Discovering Mae Clarke

I’m currently watching The Good Bad Girl, starring Mae Clarke. I’ve realized that she is listed as a star in two other films I will be watching today: Final Edition and Three Wise Girls. I also realized that I had no idea who she was.

Born Violet Mary Klotz in 1910, Mae Clarke starred in several films for Universal Studios in the 1930s. She appeared as Dr. Frankenstein’s fiancee in Frankenstein (1931) as Myra Deauville in Waterloo Bridge (1931).
However Mae Clarke is best known as the girl on the receiving end of James Cagney’s grapefruit in the face, an iconic and much parodied scene from The Public Enemy (1931). It is reported that her ex-husband enjoyed this scene so much that he had the movie timed, just so he could see the scene over and over again.
By the mid-1930s her career her star began to dim and her last leading role was in 1949’s King of the Rocket Men. She then acted in small roles, sometimes uncredited roles until the 1960s. Clarke died in 1992 at the age of 81.

The Roaring Twenties (1939)

The Roaring Twenties, directed by Raoul Walsh, is widely considered one of the greatest gangster films and is an homage to early gangster films of the 1930s. It stars James Cagney and Humphrey Bogart in their third and final film together. This is also Cagney’s last gangster film until he appeared in White Heat in 1949.

The film begins at the end of World War One, when three friends Lloyd (Jeffrey Lynn), George (Bogart) and Eddie (Cagney) attempt to return to normal life. Lloyd becomes a lawyer, George becomes a bootlegger and Eddie becomes a cab driver. Since it is the era of prohibition, Eddie builds a business that delivers bootleg alcohol. When George becomes his second in command, tensions build and a power struggle results. over power and romance.

The Roaring Twenties is part-gangster film, part-documentary. It utilizes newsreels, which provide historical context and pleasantly recreate the Jazz Age. Like other classic gangster films, The Roaring Twenties shows the fatalistic rise and fall of a manwho is bound to die in a final act of heroism.

My TCM Marathon Begins

It is 6:45 AM and I am armed with a cup of coffee, ready for the TCM marathon to begin.

First up is The Roaring Twenties, a 1939 crime thriller starring James Cagney, Priscilla Lane and Humphrey Bogart. This film is a part of TCM’s 39 from 1939 spotlight event. It is widely considered a classic gangster film.

Although I have seen The Roaring Twenties advertised several times, I have never seen it before today.

TCM Fest: The Rundown

There are less than 12 hours to go before the 24 hour TCM marathon begins.

The day starts at 6:45 AM with The Roaring Twenties (1939). This is followed by 1939: Hollywood’s Greatest Year at 8:45, which is a 2009 documentary about 1939.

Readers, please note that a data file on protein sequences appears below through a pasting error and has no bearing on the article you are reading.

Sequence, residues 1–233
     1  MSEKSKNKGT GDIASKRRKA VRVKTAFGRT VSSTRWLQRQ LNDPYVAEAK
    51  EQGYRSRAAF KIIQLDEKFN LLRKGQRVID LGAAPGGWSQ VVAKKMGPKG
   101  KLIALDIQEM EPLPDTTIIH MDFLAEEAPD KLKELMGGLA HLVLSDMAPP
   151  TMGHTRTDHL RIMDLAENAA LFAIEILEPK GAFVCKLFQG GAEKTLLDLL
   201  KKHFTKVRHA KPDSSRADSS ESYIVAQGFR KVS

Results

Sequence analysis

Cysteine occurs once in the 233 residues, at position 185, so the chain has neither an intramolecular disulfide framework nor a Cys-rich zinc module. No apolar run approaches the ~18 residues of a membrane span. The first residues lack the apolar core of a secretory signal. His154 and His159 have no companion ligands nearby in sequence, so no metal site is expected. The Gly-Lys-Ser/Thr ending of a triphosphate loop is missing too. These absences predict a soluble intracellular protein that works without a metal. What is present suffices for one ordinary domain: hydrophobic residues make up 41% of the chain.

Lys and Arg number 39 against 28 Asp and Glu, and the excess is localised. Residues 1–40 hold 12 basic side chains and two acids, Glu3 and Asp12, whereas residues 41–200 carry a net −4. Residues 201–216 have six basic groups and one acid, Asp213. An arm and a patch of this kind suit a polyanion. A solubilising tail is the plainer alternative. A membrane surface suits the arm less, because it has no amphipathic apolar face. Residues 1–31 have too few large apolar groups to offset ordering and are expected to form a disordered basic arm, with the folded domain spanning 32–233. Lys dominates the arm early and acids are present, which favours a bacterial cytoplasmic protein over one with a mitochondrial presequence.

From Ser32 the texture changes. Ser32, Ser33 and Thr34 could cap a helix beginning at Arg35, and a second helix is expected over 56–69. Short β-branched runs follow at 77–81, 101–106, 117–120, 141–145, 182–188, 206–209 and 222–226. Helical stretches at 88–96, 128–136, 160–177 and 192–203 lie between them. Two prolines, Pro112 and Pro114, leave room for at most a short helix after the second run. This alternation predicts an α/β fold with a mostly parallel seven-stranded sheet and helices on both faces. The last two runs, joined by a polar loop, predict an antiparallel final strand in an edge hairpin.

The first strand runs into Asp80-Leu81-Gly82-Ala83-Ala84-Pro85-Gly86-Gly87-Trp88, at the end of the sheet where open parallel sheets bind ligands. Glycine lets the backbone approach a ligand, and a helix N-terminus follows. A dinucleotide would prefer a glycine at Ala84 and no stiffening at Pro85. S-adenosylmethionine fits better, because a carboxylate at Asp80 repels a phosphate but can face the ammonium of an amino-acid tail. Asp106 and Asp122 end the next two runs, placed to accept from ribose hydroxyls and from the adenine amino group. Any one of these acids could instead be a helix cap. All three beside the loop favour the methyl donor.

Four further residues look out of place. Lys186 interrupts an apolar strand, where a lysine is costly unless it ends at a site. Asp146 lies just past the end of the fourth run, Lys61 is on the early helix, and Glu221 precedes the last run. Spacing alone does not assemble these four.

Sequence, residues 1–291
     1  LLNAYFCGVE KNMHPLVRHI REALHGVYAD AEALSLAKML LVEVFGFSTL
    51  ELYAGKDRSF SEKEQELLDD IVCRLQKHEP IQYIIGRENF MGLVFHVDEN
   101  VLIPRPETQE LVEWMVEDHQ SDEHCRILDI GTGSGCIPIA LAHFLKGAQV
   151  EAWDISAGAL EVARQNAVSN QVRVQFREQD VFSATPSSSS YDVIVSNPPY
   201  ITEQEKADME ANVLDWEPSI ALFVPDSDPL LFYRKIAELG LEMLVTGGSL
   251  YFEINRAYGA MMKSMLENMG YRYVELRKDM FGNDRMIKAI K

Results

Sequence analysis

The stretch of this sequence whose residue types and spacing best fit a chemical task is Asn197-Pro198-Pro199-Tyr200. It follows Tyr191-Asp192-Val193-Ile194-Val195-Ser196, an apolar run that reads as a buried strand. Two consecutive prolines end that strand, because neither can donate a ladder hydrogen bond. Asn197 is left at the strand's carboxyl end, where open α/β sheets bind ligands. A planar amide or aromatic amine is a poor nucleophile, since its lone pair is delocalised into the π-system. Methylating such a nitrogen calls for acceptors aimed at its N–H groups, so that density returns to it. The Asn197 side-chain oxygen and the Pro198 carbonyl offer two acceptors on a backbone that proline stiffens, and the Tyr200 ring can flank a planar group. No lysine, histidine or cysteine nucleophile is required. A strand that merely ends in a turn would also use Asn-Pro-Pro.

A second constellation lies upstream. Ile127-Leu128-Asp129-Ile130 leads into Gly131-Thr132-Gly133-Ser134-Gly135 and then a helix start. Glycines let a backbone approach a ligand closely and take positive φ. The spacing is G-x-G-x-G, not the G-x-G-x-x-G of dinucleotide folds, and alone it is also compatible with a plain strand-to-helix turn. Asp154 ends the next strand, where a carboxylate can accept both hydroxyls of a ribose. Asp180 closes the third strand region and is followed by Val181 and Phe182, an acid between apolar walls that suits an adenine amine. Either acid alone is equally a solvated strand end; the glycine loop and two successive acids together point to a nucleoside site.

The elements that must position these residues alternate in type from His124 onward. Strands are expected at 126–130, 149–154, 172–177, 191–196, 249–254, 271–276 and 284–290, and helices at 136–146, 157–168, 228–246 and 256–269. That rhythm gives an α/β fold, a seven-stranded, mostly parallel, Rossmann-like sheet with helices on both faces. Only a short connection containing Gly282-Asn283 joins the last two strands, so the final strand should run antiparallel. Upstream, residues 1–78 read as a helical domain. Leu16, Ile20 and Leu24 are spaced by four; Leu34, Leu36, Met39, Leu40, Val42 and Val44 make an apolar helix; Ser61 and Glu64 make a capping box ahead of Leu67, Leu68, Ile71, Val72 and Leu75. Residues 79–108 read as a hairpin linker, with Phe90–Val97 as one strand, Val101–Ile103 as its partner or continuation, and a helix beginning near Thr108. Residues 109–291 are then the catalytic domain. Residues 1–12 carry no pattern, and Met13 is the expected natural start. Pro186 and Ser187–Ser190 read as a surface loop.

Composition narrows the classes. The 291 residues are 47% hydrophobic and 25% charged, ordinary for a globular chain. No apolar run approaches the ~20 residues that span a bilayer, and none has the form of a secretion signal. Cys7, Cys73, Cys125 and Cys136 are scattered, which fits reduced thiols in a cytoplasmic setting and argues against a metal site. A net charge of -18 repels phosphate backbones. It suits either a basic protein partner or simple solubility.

Here is the rest of the morning and afternoon’s schedule:
The Good Bad Girl (1931)
Attorney for the Defense (1932)
Final Edition (1932)
Three Wise Girls (1932)
Virtue (1932)
Miss Annie Rooney (1942)
Little Miss Pinkerton (1943)
The Young in Heart (1938)
Knight is Young (1938)
Beginning at 8, TCM is airing a memorial tribute to Karl Malden. Three films, On the Waterfront (1954), A Streetcar Named Desire (1951) and The Birdman of Alcatraz (1962) will be broadcast.
The day wraps up with Beyond the Fog (1972) at 2:45 AM. This is followed by two shorts Booked for Safekeeping (1960) and The Bottle and the Throttle (1962).
This all day marathon is easily the craziest thing I have ever done. Wish me luck!

A TCM Marathon

This summer I have absolutely nothing to do. Not that I’m really complaining. This is probably the last time I’ll ever get to sit around for three months and do nothing (except when the recession prevents me from getting a job post-college, but I’m thinking positively here). Although I am enjoying my unemployment/lack of internship/laziness, I am quite bored. So I’m giving myself something to; something very important to do.

I’ve decided that on July 10, I will attempt to watch 24 hours straight of TCM programming for no other reason than because I can.

Back in my youth (aka four years ago when I was in high school) I used to watch hours upon hours of TCM. I would spend so much crafting my Robert Osbourne impression that my parents didn’t believe me when I said I had friends. But once I got to college I mastered the art of the all-nighter and kind of forgot about by unnatural ability to watch eight movies a day.

So now the time has come for me to combine what I do best: watching TCM and pulling all-nighters. And you are are welcome to join in on this somewhat crazy idea. if you tune into TCM at any point during the day and want to write about what’s on, go for it and I’ll post a link on my blog. Oh yeah, I’ll be blogging/tweeting the entire time. Honestly, why else would I watch TCM for 24 hours straight?

So here’s hoping this works out!